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Organizational Emotional Intelligence Predicting Performance:

Organizational Emotional Intelligence as a Predictor of Organizational Performance within the Real Estate Industry 

In today’s dynamic business world, organizations must adapt, overcome, and improvise to meet quickly and efficiently the pressures and demands of a modern environment. As James Duderstadt summarized, “We face a future in which permanence and stability become less important than flexibility and creativity, in which one of the few certainties will be the presence of continual change.” Organizations must rely on the knowledge, skills, and experience of a wide range of people to solve multifaceted problems, make good decisions, and deliver effective solutions to achieve successfully their strategic vision. The current environment is one of shrinking revenues and increased costs and expenditures, a heightened need exists for value added efforts focused on increasing organizational performance and subsequently increasing business profitsThis quantitative research study’s focus was to determine if organizational emotional intelligence (OEI) was a valid predictor of organizational performance (OP) in the real estate industry. It built upon the organizational emotional intelligence research but with an organizational performance perspective. An organization’s holistic capabilities as opposed to the individual’s positional knowledge, skills, and abilities are the true strength of how a high performance company maintains their edge over their competitors. Bradberry and Greaves’ Emotional Intelligence Appraisal (EIA), the researcher-designed Subjective Organizational Performance Assessment (SOPA) and SOPA-X, with Dubois and Rothwell’s Developing the High Performance Workplace (DHPW) were utilized to assess Northern Virginia Real Estate organizations. The statistical analysis of the data (n = 210) explored the correlation between OEI and OP; between the OP assessment tools; and between OEI and years in the real estate industry, gender, age, and level of education. At the end of the statistical process, the researcher concluded OEI was a valid predictor to OP at a 0.05 significance level.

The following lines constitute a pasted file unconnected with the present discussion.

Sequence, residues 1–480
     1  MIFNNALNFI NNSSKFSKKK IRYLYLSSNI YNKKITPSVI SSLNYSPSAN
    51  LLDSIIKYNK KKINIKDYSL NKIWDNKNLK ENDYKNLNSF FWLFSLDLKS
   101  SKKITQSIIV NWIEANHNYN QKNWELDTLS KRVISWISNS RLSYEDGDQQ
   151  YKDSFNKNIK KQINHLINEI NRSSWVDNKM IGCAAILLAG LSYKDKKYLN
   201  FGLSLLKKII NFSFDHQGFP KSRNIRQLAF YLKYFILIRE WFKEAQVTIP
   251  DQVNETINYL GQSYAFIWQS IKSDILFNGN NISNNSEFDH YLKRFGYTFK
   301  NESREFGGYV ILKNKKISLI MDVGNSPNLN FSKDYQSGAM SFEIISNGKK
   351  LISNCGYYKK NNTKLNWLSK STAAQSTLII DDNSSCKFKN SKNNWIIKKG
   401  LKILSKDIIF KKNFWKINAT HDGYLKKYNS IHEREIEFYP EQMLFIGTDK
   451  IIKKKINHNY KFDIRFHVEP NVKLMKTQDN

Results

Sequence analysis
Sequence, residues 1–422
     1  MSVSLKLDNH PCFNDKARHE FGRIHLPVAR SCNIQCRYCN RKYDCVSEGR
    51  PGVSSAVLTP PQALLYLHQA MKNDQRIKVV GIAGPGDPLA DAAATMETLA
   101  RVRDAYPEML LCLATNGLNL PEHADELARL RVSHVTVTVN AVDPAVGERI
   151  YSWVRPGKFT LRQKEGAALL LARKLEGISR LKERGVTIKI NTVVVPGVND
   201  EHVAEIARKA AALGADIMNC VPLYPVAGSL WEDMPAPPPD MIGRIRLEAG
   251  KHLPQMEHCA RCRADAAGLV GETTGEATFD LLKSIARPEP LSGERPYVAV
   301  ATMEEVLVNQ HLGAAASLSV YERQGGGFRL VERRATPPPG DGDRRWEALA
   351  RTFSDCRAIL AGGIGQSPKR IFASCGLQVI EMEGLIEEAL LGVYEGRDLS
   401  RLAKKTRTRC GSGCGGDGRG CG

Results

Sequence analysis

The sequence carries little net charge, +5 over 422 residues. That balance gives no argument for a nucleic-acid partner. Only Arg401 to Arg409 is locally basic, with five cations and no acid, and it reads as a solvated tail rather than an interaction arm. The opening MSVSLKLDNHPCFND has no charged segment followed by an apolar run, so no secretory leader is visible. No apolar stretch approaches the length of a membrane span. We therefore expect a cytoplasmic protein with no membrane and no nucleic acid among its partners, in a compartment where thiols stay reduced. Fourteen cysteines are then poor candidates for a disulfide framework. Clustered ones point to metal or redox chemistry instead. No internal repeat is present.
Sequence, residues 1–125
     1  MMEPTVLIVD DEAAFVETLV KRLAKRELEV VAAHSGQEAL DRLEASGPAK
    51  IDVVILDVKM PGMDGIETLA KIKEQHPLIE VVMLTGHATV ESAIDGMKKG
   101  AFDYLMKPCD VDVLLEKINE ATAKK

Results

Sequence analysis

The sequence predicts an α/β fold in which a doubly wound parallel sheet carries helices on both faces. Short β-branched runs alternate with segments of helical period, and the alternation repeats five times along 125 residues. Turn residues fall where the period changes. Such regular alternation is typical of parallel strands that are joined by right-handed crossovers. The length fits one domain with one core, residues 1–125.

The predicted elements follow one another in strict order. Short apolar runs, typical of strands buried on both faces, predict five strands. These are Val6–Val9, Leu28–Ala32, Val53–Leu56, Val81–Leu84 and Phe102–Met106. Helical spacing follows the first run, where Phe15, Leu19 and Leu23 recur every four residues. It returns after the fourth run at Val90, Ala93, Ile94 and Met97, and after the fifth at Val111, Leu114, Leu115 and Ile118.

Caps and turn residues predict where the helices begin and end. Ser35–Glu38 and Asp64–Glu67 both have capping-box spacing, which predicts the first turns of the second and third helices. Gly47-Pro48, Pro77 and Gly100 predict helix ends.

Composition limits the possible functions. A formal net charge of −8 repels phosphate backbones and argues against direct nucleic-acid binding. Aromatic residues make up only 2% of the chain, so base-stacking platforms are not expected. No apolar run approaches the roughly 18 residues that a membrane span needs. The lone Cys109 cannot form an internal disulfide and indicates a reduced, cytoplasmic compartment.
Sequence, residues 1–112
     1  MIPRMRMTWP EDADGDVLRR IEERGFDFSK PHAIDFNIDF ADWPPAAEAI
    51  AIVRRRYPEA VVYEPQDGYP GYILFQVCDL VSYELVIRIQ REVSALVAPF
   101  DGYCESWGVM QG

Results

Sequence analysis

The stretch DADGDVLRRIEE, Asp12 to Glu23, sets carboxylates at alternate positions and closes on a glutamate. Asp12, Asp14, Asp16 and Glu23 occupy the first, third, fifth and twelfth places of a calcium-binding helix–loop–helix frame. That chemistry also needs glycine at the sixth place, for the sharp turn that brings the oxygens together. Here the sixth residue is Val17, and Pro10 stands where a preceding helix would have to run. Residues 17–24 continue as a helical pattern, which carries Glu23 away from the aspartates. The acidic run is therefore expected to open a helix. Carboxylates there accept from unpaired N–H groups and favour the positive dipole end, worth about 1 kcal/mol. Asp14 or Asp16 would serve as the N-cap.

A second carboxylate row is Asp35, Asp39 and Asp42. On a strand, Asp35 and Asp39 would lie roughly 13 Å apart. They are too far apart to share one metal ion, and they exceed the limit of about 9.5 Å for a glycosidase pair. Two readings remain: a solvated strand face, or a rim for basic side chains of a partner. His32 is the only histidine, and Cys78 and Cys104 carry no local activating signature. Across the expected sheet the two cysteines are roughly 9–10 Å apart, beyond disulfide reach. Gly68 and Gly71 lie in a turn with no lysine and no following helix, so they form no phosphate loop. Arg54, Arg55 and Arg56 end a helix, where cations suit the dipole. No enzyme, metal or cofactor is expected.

Book Details

136 pages
March 20, 2014

About the Author

Dr. Simmie A. Adams

Dr. Simmie A. Adams has a Bachelor of Science Degree in Psychology, a Master of Arts Degree in Counseling (Marriage and Family Therapy), and a Doctoratewith his area of spization being in Industrial/Organizational Psychology. His Dissertation was on the use of Organizational Emotional Intelligence as a predictor to Organizational Performance. Dr. Adams has extensive experience ranging from direct supervisor to senior-level leadership positions. This experience has created a wealth of information to draw upon in the development, implementation, and measurement of performance oriented Business and Training Plans derived from strategic guidance. His experience includes organizational development, change management, human capital management, as well as strategic planning and communications. He has strong organizational development and leadership abilities and has extensive experience in coaching, mentoring, and training personnel. He has strong communication skills as well as the ability to visualize issues, determine solutions, and implement decisions. He has led efforts in analyzing communications, conducting executive interviews, researching industry best practices as well as examining project issues and risks to develop performance driven strategies.